Neil Harris
(a don't stop till you drop production)
Home: helpmesortoutthenhs.blogspot.com
Contact me: neilwithpromisestokeep@gmail.com

Tuesday, 26 January 2016

The '111' emergency service fails again.

For the last few years I've highlighted the catastrophe of the closure of the highly effective 'NHS Direct' phone line created by the 2002 Labour government.

The Conservative Liberal alliance closed it down and replaced it with the 111 service which is staffed by people who have no medical qualification.

There have been many examples of failure to spot serious conditions - this is just the latest. This inquest report makes it clear once again that 111 needs Nurses and Doctors available for patients; 

William Mead's 'fate was sealed' after NHS 111 call handlers failed to identify his deadly illness, says mother

The report called into question the NHS non-emergency helpline’s ability to identify deadly illnesses
Kate Ng  
The Independent

The mother of a one-year-old baby who died of sepsis said his "fate was sealed" after NHS 111 call handlers failed to identify his deadly illness. Melissa Mead, mother of William Mead, told BBC Radio 4: “When I dialled 111… we were told William’s condition was non-urgent and didn’t require any emergency treatment, and that we would get a call-back within six hours.

“But when the doctor called back after three hours, I think William’s fate was sealed. He died within 12 hours of that phone call. We found him just after 8 in the morning… he had been passed away for a little while [already].”

Her interview follows an NHS England report into William’s death in 2014, which found there were 16 missed chances to save his life.
The report, seen by the Daily Mail and the BBC, said he might still be alive today if NHS 111 call handlers had realised he was in a life-threatening situation.

The NHS 111 non-emergency helpline’s ability to identify deadly illnesses in children and babies has been called into question.
NHS 111 call handlers are not medically trained. The report suggested that if a doctor had taken the call instead of 111 staff, they would have most likely recognised the need for "urgent medical attention".

The report detailed the opportunities missed to save William’s life.

Out of 16 missed chances, the five main windows were:

William’s GP had not recorded all the relevant information in his notes

The severity of William’s symptoms had not been recognised

Inadequate advice was given to William’s parents about what to do if his condition worsened

The out-of-hours GP service had no access to the baby’s primary care records


The pathway tool used by NHS 111 call handlers was not sensitive enough to pick up “red-flag” warnings of sepsis

It also included failure by GPs, who saw William six times in the months prior to his death, to spot pneumonia which could have prevented his circumstances.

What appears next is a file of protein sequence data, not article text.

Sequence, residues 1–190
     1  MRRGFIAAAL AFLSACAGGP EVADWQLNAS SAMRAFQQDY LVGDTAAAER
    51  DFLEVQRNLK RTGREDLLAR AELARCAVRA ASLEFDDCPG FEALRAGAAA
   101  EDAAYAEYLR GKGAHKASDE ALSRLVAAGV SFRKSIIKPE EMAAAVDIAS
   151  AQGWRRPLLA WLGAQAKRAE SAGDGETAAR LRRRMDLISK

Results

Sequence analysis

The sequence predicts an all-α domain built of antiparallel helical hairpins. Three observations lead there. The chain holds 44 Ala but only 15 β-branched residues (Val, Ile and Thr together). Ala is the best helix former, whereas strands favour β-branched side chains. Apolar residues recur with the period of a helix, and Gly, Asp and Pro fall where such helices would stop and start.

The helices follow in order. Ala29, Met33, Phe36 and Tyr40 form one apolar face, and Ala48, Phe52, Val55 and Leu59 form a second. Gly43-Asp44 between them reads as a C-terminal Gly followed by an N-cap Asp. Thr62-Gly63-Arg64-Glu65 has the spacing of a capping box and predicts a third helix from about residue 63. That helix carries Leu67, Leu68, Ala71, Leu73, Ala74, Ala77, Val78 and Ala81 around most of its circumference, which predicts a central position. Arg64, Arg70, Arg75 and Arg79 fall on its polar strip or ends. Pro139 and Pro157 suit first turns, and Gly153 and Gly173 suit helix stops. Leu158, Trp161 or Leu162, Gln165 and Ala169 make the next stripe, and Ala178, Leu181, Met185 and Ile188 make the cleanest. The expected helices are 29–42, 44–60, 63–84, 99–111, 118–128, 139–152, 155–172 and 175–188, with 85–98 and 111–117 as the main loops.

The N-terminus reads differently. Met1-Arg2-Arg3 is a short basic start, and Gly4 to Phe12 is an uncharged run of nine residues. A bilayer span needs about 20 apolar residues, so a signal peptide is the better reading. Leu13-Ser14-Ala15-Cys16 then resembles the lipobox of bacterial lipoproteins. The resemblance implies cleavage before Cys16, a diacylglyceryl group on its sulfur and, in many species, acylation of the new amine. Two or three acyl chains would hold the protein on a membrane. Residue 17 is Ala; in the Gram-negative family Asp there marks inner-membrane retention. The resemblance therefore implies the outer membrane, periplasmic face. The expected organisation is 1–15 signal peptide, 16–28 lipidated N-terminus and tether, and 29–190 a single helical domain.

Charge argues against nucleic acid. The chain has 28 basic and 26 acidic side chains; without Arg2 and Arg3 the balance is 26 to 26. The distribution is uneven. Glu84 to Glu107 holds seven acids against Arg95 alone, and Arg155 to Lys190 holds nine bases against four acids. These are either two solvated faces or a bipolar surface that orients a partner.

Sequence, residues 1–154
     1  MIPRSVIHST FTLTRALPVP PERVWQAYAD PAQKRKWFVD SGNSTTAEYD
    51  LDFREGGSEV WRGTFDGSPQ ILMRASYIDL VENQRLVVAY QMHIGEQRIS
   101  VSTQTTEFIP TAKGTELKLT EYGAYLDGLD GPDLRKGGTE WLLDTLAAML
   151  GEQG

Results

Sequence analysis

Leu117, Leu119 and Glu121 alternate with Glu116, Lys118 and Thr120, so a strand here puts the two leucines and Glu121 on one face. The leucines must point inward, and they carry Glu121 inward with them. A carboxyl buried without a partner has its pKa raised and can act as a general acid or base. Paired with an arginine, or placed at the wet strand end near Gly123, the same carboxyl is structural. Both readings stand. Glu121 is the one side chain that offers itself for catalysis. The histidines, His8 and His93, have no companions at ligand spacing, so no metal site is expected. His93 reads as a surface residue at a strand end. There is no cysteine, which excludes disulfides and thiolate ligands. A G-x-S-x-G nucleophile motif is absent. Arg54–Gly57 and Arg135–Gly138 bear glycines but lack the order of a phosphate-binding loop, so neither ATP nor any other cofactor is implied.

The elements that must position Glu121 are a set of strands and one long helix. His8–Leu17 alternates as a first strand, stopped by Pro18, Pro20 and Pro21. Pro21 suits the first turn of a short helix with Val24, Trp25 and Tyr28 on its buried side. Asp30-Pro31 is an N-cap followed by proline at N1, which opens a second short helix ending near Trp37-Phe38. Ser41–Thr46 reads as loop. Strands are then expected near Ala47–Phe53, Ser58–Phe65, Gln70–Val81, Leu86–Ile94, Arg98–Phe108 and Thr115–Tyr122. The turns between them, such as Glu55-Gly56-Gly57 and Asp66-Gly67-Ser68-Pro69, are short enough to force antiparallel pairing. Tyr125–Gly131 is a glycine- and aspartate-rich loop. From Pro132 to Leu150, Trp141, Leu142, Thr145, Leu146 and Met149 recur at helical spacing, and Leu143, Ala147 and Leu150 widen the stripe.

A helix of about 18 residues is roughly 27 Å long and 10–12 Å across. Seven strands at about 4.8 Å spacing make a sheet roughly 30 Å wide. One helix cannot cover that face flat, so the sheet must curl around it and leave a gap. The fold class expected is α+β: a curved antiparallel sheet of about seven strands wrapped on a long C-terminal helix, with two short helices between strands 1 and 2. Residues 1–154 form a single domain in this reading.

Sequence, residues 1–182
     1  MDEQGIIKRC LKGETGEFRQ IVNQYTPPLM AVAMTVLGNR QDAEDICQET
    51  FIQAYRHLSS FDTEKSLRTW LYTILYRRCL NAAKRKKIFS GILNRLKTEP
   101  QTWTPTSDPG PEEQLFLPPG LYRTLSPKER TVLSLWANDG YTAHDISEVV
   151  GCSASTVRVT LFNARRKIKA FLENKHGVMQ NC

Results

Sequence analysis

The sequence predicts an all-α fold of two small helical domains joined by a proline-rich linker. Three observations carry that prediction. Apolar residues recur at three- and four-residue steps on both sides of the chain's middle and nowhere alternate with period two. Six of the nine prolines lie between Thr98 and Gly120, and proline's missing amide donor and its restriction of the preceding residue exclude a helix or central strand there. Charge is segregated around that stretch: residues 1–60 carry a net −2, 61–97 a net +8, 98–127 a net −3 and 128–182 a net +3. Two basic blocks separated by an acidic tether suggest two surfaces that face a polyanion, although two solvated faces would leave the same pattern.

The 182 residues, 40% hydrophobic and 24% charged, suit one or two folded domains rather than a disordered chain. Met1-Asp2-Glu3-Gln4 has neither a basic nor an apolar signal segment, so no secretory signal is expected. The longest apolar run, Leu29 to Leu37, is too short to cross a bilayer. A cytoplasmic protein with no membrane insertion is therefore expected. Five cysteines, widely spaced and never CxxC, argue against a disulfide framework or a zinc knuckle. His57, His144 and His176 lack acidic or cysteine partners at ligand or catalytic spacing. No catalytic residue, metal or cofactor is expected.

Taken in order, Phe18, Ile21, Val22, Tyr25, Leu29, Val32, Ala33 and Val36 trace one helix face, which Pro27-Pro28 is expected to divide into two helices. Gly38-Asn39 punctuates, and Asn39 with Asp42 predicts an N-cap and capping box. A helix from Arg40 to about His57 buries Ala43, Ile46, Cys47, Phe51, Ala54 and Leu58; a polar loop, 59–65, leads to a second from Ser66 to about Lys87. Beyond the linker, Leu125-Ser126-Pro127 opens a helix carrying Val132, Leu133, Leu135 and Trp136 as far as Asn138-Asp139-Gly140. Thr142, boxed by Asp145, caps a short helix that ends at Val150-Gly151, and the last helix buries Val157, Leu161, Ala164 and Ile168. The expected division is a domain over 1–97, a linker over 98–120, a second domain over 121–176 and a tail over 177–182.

The report said: “Had any of these different courses of action been taken, William could probably have survived.”

Recommendations made by the report included training call advisors to spot when there is a need to probe further into the condition of the patient, and when to escalate cases.

It also called for better recognition of the signs and symptoms of septicaemia by GPs.

The report is the result of a year-long campaign by William’s parents, Paul and Melissa, to find out what really happened to cause their son’s death.

Director of nursing with NHS England in the south west, Lindsey Scott, told the BBC: “One of the significant learning points for us is how difficult it is for both professionals and parents to diagnose septicaemia.

“Everyone involved in this report is determined to make sure lessons are learned from William’s death, so other families don’t have to do through the same trauma.

“None of this detracts from our profound regret at the loss of William. For that loss, on behalf of all NHS organisations involved, I would like to apologise publicly to Mr and Mrs Mead,” she told BBC.

Neil Harris
(a don't stop till you drop production)

Home: helpmesortoutthenhs.blogspot.com
Contact me: neilwithpromisestokeep@gmail.com

Saturday, 2 January 2016

Latest figures for NHS payrises.

This Daily Telegraph article has researched the current state of pay rises for NHS Chief Executives against a background of staff pay rises limited to 1% and a forthcoming dispute with junior doctors;

Daily Telegraph

By , Health Editor
02 Jan 2016
NHS hospital chief executives have been handed pay rises of up to £35,000, with the highest annual earnings reaching a record £340,000, a Daily Telegraph investigation has found.
Despite government pledges that the most senior NHS managers would have their pay frozen, 40 per cent of trusts increased executives’ wages by at least £5,000 during 2014-15.
Some managers’ earnings rose by almost a quarter, the findings from more than 200 NHS trust boards show. Patients’ groups accused the NHS of “scandalous excesses” at a time when the health service is facing the greatest financial crisis in its history.